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Boys Town Choir, Set to Perform Before Symphony Show, Gets Advice from the Pros

​​​This article is written by Betsie Free​man, World-Herald staff writer. It was posted on on December 14th.

It was billed as a master class on music.

Members of the Boys Town Voices sang side-by-side Tuesday with seven Broadway performers in the Music Hall on campus. The professional singers,​ in town for the Omaha Symphony Christmas Celebration, joined the 41-member choir on "O Holy Night," offering an audio-visual tutorial on expression and breath control and sharing a few thoughts about the song.

After that, in a revealing question-and-answer session, it morphed into a master class on life.

How to handle defeat. How to persevere. How to give thanks for blessings, apparent and otherwise.

The visit from the Broadway veterans was set up to help the choir prepare for its preshow at Thursday night's symphony concert. The group will perform about six songs, including "O Holy Night," in the Holland Center lobby, then stay for the Christmas show with other Boys Town representatives.

"It's an experience that most kids don't get," said Stephanie Ludwig, the symphony's public relations manager.

Ludwig said the symphony reached out to Boys Town in an effort to get additional groups for preconcert activities — something new to supplement the bell choirs and violin students who have performed for several years. It's the first time Boys Town has participated.

The students gave the pros a warm welcome with applause and whoops. When the performers joined the choir, several students were clearly awed.

Senior Shae Nielsen, 18, was wowed when professional singers Tiffany Haas and Siri Howard chose seats near her. She said she loves Broadway and plans to major in music in college.

"They were both in front of me, and I felt like I was going to fall over," she said.

When asked if they would like to pursue a performing career, more than half of the choir's members raised their hands. That surprised Haas, one of four headline performers in the symphony show who also has played the role of Glinda in "Wicked" on Broadway and in a national tour.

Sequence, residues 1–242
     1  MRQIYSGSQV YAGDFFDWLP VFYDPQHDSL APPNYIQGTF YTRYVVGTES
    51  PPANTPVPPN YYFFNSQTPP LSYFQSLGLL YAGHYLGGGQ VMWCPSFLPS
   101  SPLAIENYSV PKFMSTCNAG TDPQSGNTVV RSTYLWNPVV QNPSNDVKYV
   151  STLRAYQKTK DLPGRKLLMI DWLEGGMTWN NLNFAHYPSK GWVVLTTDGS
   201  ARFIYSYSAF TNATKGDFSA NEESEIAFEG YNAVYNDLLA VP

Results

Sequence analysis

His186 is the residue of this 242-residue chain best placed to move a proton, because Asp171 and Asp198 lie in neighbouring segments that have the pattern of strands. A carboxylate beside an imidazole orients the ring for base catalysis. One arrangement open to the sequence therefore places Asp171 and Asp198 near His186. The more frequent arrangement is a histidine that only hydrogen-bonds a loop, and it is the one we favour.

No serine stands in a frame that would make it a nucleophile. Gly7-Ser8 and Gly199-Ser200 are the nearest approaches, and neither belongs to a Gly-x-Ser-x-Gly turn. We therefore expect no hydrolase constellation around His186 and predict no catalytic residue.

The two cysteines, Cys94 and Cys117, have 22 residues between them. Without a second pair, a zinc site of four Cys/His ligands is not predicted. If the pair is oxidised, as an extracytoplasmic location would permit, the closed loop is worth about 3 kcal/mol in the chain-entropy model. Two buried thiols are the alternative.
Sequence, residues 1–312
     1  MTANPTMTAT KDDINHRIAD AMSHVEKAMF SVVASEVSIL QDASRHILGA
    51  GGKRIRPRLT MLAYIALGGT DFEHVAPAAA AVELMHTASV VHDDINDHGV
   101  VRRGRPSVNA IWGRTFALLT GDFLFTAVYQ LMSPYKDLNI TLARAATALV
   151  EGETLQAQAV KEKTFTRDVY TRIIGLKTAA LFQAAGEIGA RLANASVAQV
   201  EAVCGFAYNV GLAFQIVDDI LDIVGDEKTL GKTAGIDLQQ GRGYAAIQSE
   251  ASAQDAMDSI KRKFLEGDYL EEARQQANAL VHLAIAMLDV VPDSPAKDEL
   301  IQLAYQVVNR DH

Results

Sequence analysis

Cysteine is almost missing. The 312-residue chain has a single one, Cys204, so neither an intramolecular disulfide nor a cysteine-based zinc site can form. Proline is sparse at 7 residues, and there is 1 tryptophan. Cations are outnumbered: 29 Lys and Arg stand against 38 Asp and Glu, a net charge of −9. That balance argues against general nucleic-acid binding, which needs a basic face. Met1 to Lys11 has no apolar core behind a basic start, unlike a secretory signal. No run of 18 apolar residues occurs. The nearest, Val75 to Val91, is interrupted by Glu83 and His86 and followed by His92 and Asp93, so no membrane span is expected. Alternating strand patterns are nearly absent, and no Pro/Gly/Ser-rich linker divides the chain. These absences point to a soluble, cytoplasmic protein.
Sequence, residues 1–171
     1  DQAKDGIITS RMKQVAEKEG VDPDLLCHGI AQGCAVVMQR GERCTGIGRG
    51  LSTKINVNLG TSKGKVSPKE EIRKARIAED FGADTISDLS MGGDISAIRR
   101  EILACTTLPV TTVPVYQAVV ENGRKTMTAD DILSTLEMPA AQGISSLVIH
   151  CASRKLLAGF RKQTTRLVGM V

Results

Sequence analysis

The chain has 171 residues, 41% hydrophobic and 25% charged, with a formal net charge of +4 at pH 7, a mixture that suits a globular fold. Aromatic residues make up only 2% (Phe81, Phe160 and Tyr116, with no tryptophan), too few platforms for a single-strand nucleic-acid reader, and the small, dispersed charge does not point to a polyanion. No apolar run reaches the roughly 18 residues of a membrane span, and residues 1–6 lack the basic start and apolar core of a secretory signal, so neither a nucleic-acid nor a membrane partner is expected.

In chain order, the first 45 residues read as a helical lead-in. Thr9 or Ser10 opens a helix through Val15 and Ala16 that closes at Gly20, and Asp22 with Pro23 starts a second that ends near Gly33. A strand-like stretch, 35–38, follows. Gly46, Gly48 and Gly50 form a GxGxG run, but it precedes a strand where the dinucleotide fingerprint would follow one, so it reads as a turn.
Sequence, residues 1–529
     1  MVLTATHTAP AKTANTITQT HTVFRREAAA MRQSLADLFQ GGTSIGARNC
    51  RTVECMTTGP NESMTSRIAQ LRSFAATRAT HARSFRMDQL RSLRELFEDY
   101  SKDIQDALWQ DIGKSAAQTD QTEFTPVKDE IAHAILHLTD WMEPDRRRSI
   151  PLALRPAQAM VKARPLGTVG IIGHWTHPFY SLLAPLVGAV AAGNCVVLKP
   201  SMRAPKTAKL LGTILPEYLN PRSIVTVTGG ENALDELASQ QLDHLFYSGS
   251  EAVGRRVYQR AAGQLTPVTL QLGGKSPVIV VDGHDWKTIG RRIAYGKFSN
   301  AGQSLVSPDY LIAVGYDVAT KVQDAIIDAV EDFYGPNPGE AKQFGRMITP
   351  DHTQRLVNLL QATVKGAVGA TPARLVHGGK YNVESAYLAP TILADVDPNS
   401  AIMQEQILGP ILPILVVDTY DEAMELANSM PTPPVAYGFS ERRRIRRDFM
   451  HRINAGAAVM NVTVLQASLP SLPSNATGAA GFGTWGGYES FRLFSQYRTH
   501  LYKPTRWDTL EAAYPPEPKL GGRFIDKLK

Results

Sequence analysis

"That's not usually the case," she said.

The choir members — students in ninth through 12th grades — had several questions about what it's like to be a professional singer, actor and dancer. For each question, the students received answers that spoke volumes about the struggles they may face, no matter what path they choose.

They especially were riveted when the actors talked about how many times they had auditioned for shows.

"I got 72 nos for my first yes," Haas told the group. "If you want something bad enough, you have to keep trying."

And that's true no matter where you are in your career, added dancer Erin Moore.

Each student faced a fair amount of competition when auditioning for one of the spots in the Boys Town Voices, said Sierra Sanchez, who is in her first year as director.

The professionals also said it's important to take care of yourself and to be authentic.

"Don't waste time being what others want you to be," Haas said. "Hold your head high and like who you are."

They also stressed that a stage career means you sometimes have to be creative to support yourself.

Many performers also teach, judge competitions or find other jobs, said dancer Connor Schwantes.

"I am personally a hand model — that's my fun fact," he said. "You have to make money somehow. ... New York is expensive."

And Howard — who appeared in "Les Misérables" and "The Sound of Music" on Broadway — said she had a big lesson she wanted to impart.

"There's a fine line that's important to note, between gratitude and confidence," she said, encouraging the students to be gracious in victory and defeat. "It's not about being the star but about making art."

At the same time, she said, "it's also knowing you have something to offer."

The advice resonated with those who don't have stage aspirations as well as those who do. Senior Daemon Hug, 17, is in the choir merely because he loves to sing. His post-graduation plans include either joining the military or playing college football. Even so, he took a lot away from Tuesday's session.

"Everywhere you go, you're going to have to fight internal battles, and finding a way to deal with those will get you places," he said.​